High-street mortgage lending fell 60% to £2.8bn

The value of loans for house purchases has now fallen 77% from its peak at the end of 2006, according to the British Bankers' Association (BBA).

Figures for October show that just £2.8bn worth of loans for home purchases were advanced by the major high-street banks, almost 60% down on the same month in the previous year.

However, a spokesman for the BBA said the fall was even more dramatic from the lending peak in November 2006, when £11.96bn of loans were made. The BBA also said that the number of loans for house purchase had fallen sharply, with just 21,584 loans made in October this year, compared with 78,593 at the peak of the boom.

The BBA also said that loan values had fallen from September, down 9.7% from £3.1bn, despite the Bank of England dropping base rates by 0.5% that month and the government raising the stamp duty threshold.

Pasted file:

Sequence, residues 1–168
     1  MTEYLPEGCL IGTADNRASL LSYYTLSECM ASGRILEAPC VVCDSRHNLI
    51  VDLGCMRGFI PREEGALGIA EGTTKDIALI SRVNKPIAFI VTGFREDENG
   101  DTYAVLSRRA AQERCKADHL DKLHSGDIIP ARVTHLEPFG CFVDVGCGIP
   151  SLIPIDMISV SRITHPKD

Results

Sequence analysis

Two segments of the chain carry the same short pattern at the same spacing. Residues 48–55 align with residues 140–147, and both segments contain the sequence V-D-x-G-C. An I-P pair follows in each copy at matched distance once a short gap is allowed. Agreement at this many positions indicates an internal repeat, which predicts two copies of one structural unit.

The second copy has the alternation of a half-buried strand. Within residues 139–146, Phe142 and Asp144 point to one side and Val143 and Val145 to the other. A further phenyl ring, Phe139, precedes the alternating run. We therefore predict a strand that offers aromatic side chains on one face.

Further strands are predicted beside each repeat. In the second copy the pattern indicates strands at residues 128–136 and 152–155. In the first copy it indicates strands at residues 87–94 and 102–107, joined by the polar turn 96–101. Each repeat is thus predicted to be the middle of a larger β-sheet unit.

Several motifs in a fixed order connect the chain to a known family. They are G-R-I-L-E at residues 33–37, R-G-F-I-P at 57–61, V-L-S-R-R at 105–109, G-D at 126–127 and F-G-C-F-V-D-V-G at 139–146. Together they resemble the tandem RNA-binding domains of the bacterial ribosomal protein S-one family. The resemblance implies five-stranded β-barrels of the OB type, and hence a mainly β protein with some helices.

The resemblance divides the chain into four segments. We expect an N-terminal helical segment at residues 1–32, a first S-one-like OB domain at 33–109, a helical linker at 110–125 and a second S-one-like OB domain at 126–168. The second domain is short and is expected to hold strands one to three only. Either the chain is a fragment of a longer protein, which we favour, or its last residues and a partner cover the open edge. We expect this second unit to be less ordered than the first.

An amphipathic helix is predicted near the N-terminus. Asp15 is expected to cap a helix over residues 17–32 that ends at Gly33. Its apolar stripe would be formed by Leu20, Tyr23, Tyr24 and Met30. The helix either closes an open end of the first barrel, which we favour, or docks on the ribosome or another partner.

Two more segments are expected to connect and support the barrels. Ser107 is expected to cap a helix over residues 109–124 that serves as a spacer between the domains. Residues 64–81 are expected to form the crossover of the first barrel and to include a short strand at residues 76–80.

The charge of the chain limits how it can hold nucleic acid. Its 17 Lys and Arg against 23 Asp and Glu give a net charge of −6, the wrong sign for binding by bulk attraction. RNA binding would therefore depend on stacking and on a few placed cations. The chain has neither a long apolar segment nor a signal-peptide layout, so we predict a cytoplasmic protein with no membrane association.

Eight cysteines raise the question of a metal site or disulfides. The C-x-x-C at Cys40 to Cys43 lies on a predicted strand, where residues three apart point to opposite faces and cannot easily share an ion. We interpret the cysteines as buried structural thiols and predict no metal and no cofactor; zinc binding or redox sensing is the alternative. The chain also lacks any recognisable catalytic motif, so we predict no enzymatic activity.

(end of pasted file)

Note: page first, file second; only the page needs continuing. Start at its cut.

David Dooks, BBA statistics director, said: “Comparison of current lending levels with last year is obscured by the very different economic conditions that exist now, reflecting a much reduced appetite for borrowing. Mortgage approvals remained low, consumer credit was subdued and people used their deposits to fund spending in October."

The news follows the admission by Sir James Crosby yesterday that net mortgage lending could fall to zero next year, as predicted by Building earlier this month. Chancellor Alistair Darling said he would look at measures proposed by Sir James to increase banks' appetite for mortgage lending by giving government guarantees to loans on house purchases.